Ecolab Launches Digital Solution for Water Usage
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Ecolab

Ecolab Launches Digital Solution for Water Usage

The company said its new service, Water Flow Intelligence, uses IoT and predictive analytics to improve sustainability, ensure product quality, minimize water risk and optimize its use.

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ST. PAUL, MInn. — Ecolab, a water, hygiene and infection prevention solutions and services company, launched Water Flow Intelligence, a digital service that it says provides industry with real-time visibility of water usage at the enterprise, site and asset levels. 
 
Water Flow Intelligence aims to enable food and beverage producers to identify opportunities that help improve water management across their operations, deliver on sustainability goals and reduce operational costs by combining smart water meters and sensors with advanced water flow measurement and monitoring, asset performance insights and machine learning. 
 
“Water Flow Intelligence uses cutting-edge digital technologies to enable real-time insights and response,” said Pedro Sancha, senior vice president and general manager of Ecolab’s industrial digital business. “By gaining visibility to water use across their organizations, companies can optimize their operations and make real progress on their water-related sustainability goals, from the enterprise level to individual facilities.” 
 
Ecolab says the service is powered by ECOLAB3D, a secure, cloud-based digital platform that translates data from multiple sources into actionable insights. ECOLAB3D uses advanced algorithms and predictive analytics to power better business outcomes, enhancing the value and impact Ecolab delivers to businesses through its programs, products and services. 
 
Ecolab says manual data collection and analysis to track water use is often tedious, resource-intensive and difficult to execute consistently across sites. Through the data and insights provided by Water Flow Intelligence, developed by Nalco Water, Ecolab’s water management business, users can efficiently pinpoint on a user-friendly dashboard where water is being consumed across the connected assets and processes within their facilities, set enterprise-wide benchmarks and strategically target improvement efforts to help maximize water savings, the company said.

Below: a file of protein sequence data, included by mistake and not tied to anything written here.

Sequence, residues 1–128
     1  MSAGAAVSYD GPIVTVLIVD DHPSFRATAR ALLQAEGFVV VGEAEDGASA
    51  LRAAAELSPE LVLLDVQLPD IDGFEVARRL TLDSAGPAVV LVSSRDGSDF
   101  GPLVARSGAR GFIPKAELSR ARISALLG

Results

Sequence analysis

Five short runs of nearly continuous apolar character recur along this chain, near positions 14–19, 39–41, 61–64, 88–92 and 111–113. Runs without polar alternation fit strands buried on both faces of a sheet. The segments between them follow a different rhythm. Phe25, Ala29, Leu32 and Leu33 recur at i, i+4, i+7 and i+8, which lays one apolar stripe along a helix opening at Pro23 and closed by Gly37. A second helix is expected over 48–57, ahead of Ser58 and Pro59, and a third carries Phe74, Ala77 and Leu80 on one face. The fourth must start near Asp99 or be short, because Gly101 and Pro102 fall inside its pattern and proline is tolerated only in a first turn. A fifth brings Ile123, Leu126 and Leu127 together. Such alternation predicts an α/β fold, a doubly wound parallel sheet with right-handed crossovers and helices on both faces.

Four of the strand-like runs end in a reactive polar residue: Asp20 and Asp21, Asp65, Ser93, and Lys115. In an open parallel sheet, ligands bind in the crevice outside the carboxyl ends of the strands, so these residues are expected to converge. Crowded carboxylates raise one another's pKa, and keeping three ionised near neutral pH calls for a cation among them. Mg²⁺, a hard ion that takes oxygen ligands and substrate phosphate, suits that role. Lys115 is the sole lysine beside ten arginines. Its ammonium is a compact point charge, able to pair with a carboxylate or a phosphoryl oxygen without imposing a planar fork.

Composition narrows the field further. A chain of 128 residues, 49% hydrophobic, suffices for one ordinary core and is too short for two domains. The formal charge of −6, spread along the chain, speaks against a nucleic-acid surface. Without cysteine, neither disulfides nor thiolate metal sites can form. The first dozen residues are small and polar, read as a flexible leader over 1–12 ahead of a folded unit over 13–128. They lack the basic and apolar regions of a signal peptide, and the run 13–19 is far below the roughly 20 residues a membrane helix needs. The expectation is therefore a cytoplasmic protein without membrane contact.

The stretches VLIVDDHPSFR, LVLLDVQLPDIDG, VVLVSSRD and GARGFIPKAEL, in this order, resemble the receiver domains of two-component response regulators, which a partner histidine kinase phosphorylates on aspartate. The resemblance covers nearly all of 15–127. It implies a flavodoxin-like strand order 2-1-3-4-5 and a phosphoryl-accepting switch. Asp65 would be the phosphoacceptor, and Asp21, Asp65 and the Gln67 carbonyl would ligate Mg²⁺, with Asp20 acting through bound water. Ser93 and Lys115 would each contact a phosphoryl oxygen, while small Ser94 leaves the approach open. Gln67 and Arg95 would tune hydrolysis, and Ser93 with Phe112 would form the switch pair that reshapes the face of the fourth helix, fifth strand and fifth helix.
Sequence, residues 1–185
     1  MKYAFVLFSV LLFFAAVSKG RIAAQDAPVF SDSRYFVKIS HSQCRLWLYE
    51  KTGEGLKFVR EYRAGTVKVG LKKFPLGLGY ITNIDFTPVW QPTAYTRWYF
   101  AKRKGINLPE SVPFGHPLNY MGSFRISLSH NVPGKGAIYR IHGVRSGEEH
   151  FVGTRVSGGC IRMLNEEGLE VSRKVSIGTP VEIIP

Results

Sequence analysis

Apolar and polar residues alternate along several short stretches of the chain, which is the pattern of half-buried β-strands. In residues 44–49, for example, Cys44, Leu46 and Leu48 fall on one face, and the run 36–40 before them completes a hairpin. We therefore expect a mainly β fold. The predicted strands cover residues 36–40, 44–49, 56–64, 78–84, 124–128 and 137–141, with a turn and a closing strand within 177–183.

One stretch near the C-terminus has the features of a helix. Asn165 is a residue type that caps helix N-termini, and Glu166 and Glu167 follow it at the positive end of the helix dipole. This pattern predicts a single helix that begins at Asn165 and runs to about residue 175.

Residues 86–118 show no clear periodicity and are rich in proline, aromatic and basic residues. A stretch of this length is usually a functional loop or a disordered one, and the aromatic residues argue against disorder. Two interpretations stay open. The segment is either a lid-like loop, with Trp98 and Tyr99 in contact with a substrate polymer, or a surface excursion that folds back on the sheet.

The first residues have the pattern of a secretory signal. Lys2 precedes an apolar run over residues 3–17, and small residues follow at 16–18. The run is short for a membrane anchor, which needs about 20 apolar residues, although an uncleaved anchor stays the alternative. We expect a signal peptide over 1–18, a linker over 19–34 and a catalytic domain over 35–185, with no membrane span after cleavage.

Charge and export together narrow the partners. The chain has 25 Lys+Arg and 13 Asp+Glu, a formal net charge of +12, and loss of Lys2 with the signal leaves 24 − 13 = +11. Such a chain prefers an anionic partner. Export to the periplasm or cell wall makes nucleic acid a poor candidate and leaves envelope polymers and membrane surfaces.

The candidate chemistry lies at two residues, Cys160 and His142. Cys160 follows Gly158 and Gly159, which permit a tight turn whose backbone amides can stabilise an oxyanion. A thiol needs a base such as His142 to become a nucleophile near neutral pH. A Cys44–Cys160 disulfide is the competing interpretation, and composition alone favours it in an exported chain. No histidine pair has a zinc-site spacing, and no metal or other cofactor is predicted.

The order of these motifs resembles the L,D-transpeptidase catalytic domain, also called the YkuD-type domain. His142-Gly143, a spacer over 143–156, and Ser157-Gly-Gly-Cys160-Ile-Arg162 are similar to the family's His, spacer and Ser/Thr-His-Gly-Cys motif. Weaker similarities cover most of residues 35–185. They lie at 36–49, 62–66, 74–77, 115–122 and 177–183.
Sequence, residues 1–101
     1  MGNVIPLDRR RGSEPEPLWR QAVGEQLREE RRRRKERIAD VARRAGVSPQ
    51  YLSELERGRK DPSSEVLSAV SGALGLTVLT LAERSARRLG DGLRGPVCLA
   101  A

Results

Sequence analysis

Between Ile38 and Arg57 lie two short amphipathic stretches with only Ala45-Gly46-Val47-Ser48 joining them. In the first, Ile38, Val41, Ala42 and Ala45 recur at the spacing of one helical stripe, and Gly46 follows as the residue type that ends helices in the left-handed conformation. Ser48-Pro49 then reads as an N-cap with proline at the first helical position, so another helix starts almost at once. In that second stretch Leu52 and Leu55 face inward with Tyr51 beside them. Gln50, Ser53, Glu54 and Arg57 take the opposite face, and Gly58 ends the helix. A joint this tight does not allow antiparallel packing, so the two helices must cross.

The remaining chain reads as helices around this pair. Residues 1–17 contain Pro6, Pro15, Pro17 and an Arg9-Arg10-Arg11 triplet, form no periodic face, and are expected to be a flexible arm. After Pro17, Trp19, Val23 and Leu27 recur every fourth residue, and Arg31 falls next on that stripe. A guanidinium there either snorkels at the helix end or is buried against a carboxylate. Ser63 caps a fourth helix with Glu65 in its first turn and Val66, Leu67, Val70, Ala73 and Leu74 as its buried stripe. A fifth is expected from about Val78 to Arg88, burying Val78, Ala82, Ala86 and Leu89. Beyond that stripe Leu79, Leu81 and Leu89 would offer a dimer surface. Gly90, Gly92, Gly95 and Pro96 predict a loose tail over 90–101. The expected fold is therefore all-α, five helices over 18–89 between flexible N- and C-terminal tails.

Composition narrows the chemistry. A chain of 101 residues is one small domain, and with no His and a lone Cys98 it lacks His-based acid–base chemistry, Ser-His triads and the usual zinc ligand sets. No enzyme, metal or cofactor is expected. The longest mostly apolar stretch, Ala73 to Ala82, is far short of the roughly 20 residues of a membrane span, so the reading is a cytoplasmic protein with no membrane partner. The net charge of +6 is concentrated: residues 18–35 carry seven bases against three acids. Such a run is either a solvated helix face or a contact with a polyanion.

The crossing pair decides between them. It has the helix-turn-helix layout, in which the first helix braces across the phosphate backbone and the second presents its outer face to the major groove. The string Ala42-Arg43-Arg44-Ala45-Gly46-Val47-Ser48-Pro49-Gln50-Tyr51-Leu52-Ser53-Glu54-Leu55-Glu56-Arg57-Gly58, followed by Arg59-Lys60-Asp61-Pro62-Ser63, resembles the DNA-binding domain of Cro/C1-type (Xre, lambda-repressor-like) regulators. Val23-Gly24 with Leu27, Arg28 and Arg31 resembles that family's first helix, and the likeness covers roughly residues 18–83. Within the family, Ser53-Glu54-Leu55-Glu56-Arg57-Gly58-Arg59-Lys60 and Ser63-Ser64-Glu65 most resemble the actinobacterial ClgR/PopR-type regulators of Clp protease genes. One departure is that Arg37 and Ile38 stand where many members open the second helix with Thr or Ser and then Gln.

At the local plant level, Water Flow Intelligence aims to help users protect their facilities against water damage and excess water use — which can negatively impact the local community and result in costly fines. Through the combination of real-time monitoring, advanced alarm notifications and 24/7 oversight by engineers at Ecolab’s System Assurance Center, the service alerts users to out-of-spec conditions as they occur, enabling faster responses to address leaks and other issues. 
 
In addition to managing risks, Water Flow Intelligence can help reduce costs by reducing water use. After it was installed in the pretreatment area of a North American auto manufacturing assembly plant, it cut water use at the facility by 15%, saving 25 million gallons of water and $193,000 per year. 
 
“Paired with the knowledge and expertise of our on-the-ground sales and service teams, Water Flow Intelligence can help businesses gauge the effectiveness of their water management plans and improve their water footprint,” said Darrell Brown, executive vice president and president of Ecolab’s global industrial group. “This is more important than ever as the gap between freshwater availability and demand continues to grow, and companies worldwide step up their sustainability commitments to build resilience and drive action in the face of both climate change and water scarcity.” 
 
The launch of this new service comes at a time when rising industrial water use continues to contribute to the world’s growing water stress and scarcity challenges, Ecolab said. According to the World Resources Institute, the world will experience a 56% freshwater shortfall by 2030 if nothing changes, an increase from the 40% shortfall projected by the U.N. in 2015. At the same time, S&P Global reports that corporate water use progress is currently insufficient to prevent the projected freshwater gap.